The economist who is Wall Street’s worst nightmare


By Tom Rees

Stephanie Kelton does not see economics the way most economists do. US dollars are like points in an American football game or frequent flier miles for an airline, she argues.

The Stony Brook University professor believes the US “can’t run out of dollars” just as a “carpenter can’t run out of inches”.

Kelton is the top economic adviser of Democratic challenger Bernie Sanders and a leading advocate of the highly controversial Modern Monetary Theory (MMT) – a set of ideas causing a stir in economics.

The government, MMT-ers say, can just print more money to fund spending as long as the economy has not reached full capacity.

Such ideas rail against economic orthodoxy and have faced a backlash from economists. Critics warn MMT could spiral into hyperinflation or worse a complete loss of credibility and confidence in a central bank.

Kelton’s ideas may soon take the leap from the blackboard of the lecture theatre to the Oval Office.

Sanders, the firebrand Democratic candidate, has all the momentum in the race to become Donald Trump’s challenger. After his surge in polling, Sanders is closing the gap with front-runner Joe Biden and widening it with fellow leftist Elizabeth Warren.

Tonight the Vermont senator is expected to win the first state in the Democratic primaries, Iowa, and also predicted to sweep up two other early states. The world’s largest economy could soon become the guinea pig for Kelton’s highly contentious ideas.

If Wall Street were to dream up their nightmare Democratic candidate, it would look like something like Bernie Sanders. “Biden is more of an establishment type but Bernie is going to rock the boat a lot more. The economy would become a lot more challenged,” says Nikolaj Schmidt, chief international economist at T Rowe Price.

Sanders’ Leftist populism has garnered the senator a devout following known as “Bernie Bros” and has the potential of luring working class votes away from Trump.

The 78-year-old has ambitious spending plans that promise to ramp up debt. He wants to provide free healthcare and university education for all Americans, cancel student debt, expand welfare payments, build 10m houses and create a “green new deal” that would tackle climate change and inequality simultaneously.

That is partly paid for with a wealth tax and higher income taxes on the richest while banks will be broken up and Trump’s protectionism on trade would likely linger under Sanders.

It is a sweeping overhaul of the US economy and estimates for the plans run up into the tens of trillions of dollars. Sanders himself admitted last week that he does not know the full cost of his healthcare plans.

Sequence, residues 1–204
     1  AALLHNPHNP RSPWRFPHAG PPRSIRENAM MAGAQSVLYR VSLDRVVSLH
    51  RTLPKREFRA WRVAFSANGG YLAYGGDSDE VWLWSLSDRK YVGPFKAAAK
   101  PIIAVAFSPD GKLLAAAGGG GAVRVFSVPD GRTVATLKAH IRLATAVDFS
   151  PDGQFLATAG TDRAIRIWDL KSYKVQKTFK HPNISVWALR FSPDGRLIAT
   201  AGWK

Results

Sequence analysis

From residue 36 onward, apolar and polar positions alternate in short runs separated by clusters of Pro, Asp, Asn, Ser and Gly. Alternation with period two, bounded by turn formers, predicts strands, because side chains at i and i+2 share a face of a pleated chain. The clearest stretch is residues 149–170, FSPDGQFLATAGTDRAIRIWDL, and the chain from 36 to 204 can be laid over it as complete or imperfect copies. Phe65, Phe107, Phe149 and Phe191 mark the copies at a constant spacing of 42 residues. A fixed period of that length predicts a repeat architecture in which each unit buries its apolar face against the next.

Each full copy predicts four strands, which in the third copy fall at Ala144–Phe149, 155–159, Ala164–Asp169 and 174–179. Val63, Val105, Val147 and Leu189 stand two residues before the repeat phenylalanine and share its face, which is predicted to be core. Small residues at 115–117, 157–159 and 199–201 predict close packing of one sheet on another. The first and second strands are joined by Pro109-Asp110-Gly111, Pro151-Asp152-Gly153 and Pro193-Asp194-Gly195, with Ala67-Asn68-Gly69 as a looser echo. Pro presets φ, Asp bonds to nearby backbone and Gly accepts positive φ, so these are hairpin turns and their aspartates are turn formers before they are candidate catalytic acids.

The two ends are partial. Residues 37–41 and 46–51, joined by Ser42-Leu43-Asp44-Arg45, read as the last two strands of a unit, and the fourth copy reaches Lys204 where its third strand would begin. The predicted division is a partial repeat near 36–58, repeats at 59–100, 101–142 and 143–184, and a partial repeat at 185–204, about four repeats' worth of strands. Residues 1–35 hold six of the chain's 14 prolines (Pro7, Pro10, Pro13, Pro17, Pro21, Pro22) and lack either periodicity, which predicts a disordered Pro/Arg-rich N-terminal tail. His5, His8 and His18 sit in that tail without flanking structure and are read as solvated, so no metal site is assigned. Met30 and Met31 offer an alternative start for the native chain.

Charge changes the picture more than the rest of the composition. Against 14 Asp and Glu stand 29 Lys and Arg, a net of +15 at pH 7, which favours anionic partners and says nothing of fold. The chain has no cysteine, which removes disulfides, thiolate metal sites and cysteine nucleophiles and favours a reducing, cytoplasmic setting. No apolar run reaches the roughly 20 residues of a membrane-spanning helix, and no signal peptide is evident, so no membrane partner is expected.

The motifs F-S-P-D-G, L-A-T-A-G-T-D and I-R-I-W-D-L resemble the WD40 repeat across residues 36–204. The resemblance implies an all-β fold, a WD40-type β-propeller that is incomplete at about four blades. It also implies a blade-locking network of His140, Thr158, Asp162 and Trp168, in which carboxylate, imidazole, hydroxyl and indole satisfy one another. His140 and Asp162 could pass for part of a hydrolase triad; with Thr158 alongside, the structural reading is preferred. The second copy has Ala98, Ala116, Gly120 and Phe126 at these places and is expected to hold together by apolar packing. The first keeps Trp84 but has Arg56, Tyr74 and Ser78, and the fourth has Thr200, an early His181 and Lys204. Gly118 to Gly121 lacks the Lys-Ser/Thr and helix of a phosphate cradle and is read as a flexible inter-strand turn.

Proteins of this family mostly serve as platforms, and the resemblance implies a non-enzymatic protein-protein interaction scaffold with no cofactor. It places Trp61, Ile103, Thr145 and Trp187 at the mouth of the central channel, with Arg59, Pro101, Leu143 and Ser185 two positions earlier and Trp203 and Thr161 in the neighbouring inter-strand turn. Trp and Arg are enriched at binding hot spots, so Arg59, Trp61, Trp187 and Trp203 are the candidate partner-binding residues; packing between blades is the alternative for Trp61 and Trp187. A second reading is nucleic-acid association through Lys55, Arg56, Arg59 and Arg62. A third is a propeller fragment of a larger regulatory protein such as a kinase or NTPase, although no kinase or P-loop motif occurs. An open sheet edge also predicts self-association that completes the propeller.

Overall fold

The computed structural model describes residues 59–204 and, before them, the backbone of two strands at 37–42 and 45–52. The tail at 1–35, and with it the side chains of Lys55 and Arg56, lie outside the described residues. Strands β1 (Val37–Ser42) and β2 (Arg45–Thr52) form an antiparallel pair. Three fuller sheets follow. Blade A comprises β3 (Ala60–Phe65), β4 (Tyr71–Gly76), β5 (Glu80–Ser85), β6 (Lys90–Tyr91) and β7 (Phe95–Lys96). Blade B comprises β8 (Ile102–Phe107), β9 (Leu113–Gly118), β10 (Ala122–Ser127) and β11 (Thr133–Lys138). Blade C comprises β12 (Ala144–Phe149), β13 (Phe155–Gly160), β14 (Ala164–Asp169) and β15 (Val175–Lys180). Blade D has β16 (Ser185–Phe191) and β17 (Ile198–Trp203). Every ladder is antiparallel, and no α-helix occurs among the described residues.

The president is already pushing debt to what mainstream economists view as potentially dangerous levels. The Congressional Budget Office warned last week that the US is running an “unsustainable” $1 trillion deficit that will push debt up to just under 100 per cent of GDP by 2030 and 180 per cent by 2050, levels seen in Greece. The deficit will average $US1.3 trillion ($1.94 trillion) over the next decade.

One economist sanguine about these shocking deficit predictions is Kelton. She claimed on Thursday that another $US500 billion could be “safely” added to the deficit. Kelton argued that the textbook economic risks of trillion dollar deficits – such as inflation, higher interest rates and the crowding out of private investment – have not materialised.

It is true that economists have become more relaxed about higher deficits in the world of ultra-low interest rates. But the only barrier for Kelton and Modern Monetary Theorists to higher spending is inflation.

MMT – which has many different guises – is the idea that a country with its own currency faces no constraints on spending as the government can just print money to pay for it.

The only thing that would limit the spending is inflation if it causes too much demand for an economy to cope with when it is at full capacity.

Economist Richard Murphy, a MMT supporter and the co-author of a report proposing the “green new deal” in the UK, says “economics is out of ideas” and that Kelton has become the leading theorist by some way.

Murphy says that Kelton is highly influential with Sanders and Democratic congresswoman Alexandria Ocasio-Cortez. The 30-year former bartender has taken the Democratic party by storm and has thrown her now-considerable weight behind the Sanders campaign.

MMT’s rise in prominence in recent years has sparked a backlash among mainstream economists. A survey of top economists by the University of Chicago Booth School of Business showed unanimous rejection of the underlying principles of MMT.

Many feared that MMT would put a rocket under prices, citing examples of hyperinflation in Weimar Germany in the Twenties, and Venezuela. “The grain of truth in MMT is we can add a little more debt probably safely but the problem is we don’t know where that trip point is. That’s what leaves me nervous,” warns Nathan Sheets, chief economist at PGIM Fixed Income and a top official in the US Treasury under Barack Obama.

Sheets sees the move towards Sanders and extreme policies like MMT as an “aftershock” of Trump after almost four years of a turbulent and divisive presidency.

The main appeal of Kelton and her ideas for Sanders is that they help the senator’s dubious spending calculations add up.

Telegraph, London



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